Base Metals

This week was CESCO week in Santiago, Chile. It’s one of the more notable events in the copper space, and at this year’s conference, Rio Tinto’s chief executive for copper and coal, Jean-Sébastien Jacques, shared his thoughts on the long-term outlook for copper and what the industry needs to be focused on right now.

This week was CESCO week in Santiago, Chile. It’s one of the more notable events in the copper space, and at this year’s conference, Rio Tinto’s (NYSE:RIO,ASX:RIO,LSE:RIO) chief executive for copper and coal, Jean-Sébastien Jacques, shared his thoughts on the long-term outlook for copper and what the industry needs to be focused on right now.

Jacques also serves as chairman of the International Copper Association, and as far as industry players go, his opinion is certainly worth noting.

Unfortunately, according to Reuters the tone at this year’s CESCO week wasn’t overly positive for copper. During the CRU World Copper Conference, which takes place in Santiago during CESCO week, analysts suggested that it will take a little more time for the copper price to see a recovery.

“The worst is over for the price, but the (price) recovery is unlikely to be swift and dramatic,” Vanessa Davidson, director of CRU copper research and strategy, told the news outlet.

However, during his keynote speech, Jacques took another view, admonishing investors to look beyond short-term price swings for copper. “We don’t live month to month, we invest with a long-term view,” he stated. “In a quarter-to-quarter, minute-to-minute world — it is easy to forget that our business measures mine life in decades.”

To be sure, it can take years for mines to be built in the first place, and as Jacques noted, mines such as Rio’s Bingham Canyon have been operating for over 100 years. Certainly, both the copper price and the copper industry have changed drastically since the mine’s inception, illustrating the resilience of some operations in the industry.

“The company was formed in 1903 — the very year the Wright Brothers took flight at Kitty Hawk … in a plane with an engine block made of aluminum and copper alloy,” he pointed out. Similarly, Jacques suggested that the world is “on the edge of a new metals age” as the world continues to change rapidly.

“The long-term demand fundamentals for our industry present a great opportunity for copper producers, even with the macroeconomic challenges and uncertainty the world today faces,” he stated, pointing to urbanization in China, India and other parts of the world as key drivers for increased demand in coming decades. For instance, he noted that over 200 cities in China are expected to have populations of over 1 million by 2025, while India is targeting “housing for all” by 2022. Both of those changes will require large amounts of copper, and overall, Jacques sees the need for another 4 to 5 million tonnes of annual mine capacity in the next decade, on top of new mines under construction.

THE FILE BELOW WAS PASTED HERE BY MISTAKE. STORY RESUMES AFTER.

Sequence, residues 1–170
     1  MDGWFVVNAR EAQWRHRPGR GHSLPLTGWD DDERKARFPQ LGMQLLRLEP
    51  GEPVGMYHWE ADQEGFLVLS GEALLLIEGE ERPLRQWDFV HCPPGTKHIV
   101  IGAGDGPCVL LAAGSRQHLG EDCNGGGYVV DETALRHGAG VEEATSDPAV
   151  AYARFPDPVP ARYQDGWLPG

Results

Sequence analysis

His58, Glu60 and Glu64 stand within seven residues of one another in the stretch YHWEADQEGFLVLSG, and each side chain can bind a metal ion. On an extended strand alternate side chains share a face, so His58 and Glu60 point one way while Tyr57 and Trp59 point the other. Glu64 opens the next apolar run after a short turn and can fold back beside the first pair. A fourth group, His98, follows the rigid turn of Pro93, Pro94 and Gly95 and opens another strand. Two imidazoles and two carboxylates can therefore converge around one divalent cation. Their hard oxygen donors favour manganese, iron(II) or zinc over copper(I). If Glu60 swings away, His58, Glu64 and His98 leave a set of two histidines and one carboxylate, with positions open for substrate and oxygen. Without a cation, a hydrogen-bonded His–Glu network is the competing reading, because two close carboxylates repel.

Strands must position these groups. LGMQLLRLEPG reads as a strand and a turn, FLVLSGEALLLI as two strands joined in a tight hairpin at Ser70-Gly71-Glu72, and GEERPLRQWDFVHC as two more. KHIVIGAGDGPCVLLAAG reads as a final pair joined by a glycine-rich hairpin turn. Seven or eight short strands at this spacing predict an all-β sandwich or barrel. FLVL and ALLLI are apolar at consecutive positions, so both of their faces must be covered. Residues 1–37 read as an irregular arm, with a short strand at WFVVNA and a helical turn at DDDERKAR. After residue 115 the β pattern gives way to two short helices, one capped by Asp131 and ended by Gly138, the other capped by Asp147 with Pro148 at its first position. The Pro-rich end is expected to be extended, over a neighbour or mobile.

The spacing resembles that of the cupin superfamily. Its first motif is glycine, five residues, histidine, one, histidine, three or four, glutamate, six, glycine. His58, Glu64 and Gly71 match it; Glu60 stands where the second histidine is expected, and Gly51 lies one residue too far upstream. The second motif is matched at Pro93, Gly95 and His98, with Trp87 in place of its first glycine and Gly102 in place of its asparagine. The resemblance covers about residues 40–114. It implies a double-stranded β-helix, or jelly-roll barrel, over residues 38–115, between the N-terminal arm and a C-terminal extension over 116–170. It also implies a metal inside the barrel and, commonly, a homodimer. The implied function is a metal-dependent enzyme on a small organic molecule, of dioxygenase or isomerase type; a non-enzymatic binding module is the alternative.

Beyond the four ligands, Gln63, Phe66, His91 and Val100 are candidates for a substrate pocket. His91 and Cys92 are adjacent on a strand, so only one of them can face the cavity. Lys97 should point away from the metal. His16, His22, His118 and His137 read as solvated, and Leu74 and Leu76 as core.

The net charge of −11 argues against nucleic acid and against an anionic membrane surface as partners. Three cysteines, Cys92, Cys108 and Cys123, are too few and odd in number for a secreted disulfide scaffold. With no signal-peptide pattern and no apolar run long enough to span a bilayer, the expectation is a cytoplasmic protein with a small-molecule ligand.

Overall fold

Jacques isn’t the only person to take that point of view. His reference to the “largest mass migration into middle-class life ever seen in human history” echoes the theme of Gianni Kovacevic’s book My Electrician Drives a Porsche?

And while some of the most recent predictions for the copper price are not overly optimistic, some in the industry believe copper deposits as scarce — a consideration that could potentially drive M&A activity in the industry. That was another key talking point at CESCO week, according to a report from Bloomberg. In other words, the scarcity of new deposits, falling grades at existing mines and high costs for building projects mean that it could be more effective to acquire other companies rather than develop projects from the ground up — certainly, that could potentially be a boon for juniors and developers in the copper space.

For his part, Jacques told Bloomberg that quality assets still have high price tags, and that Rio will be looking to both “build and buy” going forward. Overall, Jacques admitted that the emergence of a new metals age won’t be a given, but still stressed his belief in that the industry shouldn’t let uncertainty in the short term hamper planning for long-term demand.

“Now is the time to keep investing, keep innovating and keep creating value at all points of the cycle,” he said.

Click here to view the full text of the speech and presentation slides on Rio Tinto’s website.

 

Securities Disclosure: I, Teresa Matich, hold no direct investment interest in any company mentioned in this article.

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